Solving equations of the form x 2 - 2u2 = ±2r, y2 - 2v2 = =t=2s , where r and s are nonnegative integers summing to 5, and checking for extraneous solutions leads to the result. For example, the system x 2 - 2u2 = 2, y2 - 2v2 = -16 along with the given system is satisfied by (x, y, u, v) = (2, -4,1,4), (10,4,7,4), (2, -28, -1,20). Note that (lxi, Iyl, lui, Ivl) = (10,28,7,20) also satisfies the pair ofPell's equa• tions, but no adjustment of signs of the entries will yield a solution of the original system. The pair x 2 - 2u2 = ±2r, y2 - 2v2 = =t=2s will arise from any system 2uv - xy = a, xv - uy = b for which a2 - 2b2 = -32. Each of a and b must be divisible by 4; possible values are given by (Ial, Ibl) = (0,4), (16, 12), (96,68). 2.7. 2x2 + (x ± 1)2 = w 2 can be rewritten as (3x ± 1)2 - 3w2 = -2. Some solutions are (3x ± 1, w) = (1,1), (5, 3), (19,11), (71,41), (265, 153). Those 148 Answers and Solutions corresponding to integer values of x give the quadruples (x, y, z, w) = (0,0,1,1), (2,2,1,3), (6,6,7,11), (24, 24, 23, 41), (88, 88, 89, 153). There are infinitely many others. 2.8. The condition on n is that (n + 1)(2n + 1) = 6m2 for some integer m. This can be rewritten as (4n + 3)2 - 3(4m)2 = 1. Thus, we wish to find solutions of x 2 - 3 y2 = 1 for which x + 1 and y are multiplies of 4. Two possibilities are (x, y) = (7,4), (1351,780), leading to n = 1 and n = 337. 2.9. We can rewrite the equation in the form Z2 - (1 + x 2)y2 = x 2, which has the obvious solutions y = 0, Z = x and x = 0, Z = y. To find nonzero solutions, try various values of x. For example, x = 1 leads to Z2 - 2y2 = 1, x = 2 to Z2 - 5y2 = 4 and (x, y, z) = (2,1,3), (2, 8,18), (2,21,47), and x = 3 to Z2 - lOy2 = 9 and (x, y, z) = (3, 18,57). It is interesting to note that each term of the triple (2, 8, 18) is twice a square. There are solutions for each value of x.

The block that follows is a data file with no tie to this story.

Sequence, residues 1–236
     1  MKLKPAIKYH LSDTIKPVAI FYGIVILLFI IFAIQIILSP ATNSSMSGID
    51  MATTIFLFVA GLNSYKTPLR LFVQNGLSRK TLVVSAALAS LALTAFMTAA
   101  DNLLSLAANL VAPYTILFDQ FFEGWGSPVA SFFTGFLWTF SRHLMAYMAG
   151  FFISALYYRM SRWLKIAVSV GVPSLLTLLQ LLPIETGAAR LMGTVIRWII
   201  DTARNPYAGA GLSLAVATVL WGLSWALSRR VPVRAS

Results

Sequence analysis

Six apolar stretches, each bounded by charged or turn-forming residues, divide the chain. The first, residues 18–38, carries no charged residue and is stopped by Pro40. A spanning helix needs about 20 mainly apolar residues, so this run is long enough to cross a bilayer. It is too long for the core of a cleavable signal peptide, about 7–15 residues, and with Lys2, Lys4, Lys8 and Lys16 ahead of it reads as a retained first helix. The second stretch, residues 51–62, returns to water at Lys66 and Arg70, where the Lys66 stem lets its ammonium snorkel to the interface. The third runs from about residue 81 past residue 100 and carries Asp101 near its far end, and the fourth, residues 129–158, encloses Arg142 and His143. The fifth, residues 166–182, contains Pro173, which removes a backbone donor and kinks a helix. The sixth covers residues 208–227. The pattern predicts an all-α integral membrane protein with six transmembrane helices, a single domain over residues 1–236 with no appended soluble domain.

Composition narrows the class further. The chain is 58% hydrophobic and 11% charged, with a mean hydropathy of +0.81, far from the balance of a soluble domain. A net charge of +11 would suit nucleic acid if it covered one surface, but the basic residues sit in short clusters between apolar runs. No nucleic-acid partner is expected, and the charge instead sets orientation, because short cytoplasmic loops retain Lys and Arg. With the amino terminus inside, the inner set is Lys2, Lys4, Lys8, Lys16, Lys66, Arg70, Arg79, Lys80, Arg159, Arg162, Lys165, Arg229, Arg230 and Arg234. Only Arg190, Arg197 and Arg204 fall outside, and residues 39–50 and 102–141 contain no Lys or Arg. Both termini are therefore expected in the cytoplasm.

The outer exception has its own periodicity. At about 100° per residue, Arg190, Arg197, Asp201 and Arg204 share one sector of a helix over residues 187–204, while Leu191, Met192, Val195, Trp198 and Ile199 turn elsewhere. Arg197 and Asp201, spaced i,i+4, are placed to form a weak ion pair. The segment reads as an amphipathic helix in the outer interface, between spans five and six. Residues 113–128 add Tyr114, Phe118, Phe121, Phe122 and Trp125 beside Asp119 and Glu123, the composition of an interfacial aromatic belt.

2.10. Let a = ! (m 3 + m2) - 1, b = ! (m 3 - m2) + 1, c = m2. Then 2s = m 3 + m2, so s - a = 1, s - b = m2 - 1, s - c = ! (m 3 - m2), and the , ~, is ! m2(m 2 - 1). Again, let a = m 3 - ! (m - 1), b = m 3 - ! (m + 1), c = m. Then s = m 3 , s - a = ! (m - 1), s - b = ! (m + 1), s - c = m(m2 - 1), so that ~ = ! m 2 (m 2 - 1). Suppose that! (m 2 - 1) = n2. Then m2 - 2n2 = 1. This is satisfied, for example, by (m, n) = (3,2), (17, 12), which yields the triangles

(a, b, c; s, ~) = (17, 10,9; 18,36), (26, 25, 3; 27, 36), (2600,2313,289; 2601,41616), (4905,4904, 17; 4913, 41616).

2.11(a). With ~ = Js(s - a)(s - b)(s - c), we are led to 16~2 = 3t2(t2 - 4), so that 3(t2 - 4) is an even square. Setting t = 2x, we see that 4 . 3(x2 - 1) is a square. Hence 3(x2 - 1) must be square, and, being divisible by 3, have the form 9y2. Hence x 2 - 3y2 = 1. Some examples of triangles with integer are (3,4,5), (13,14,15), (51,52,53), (193,194,195), (723,724,725), (2701,2702,2703), (10083, 10084, 10085), (37633,37634,37635). See College Mathematics lournal29 (1998), 13-17. 2. 11 (b). ~ = 3yt/2, so that the length of the altitude is 3y. The side oflength tis partitioned into sides of lengths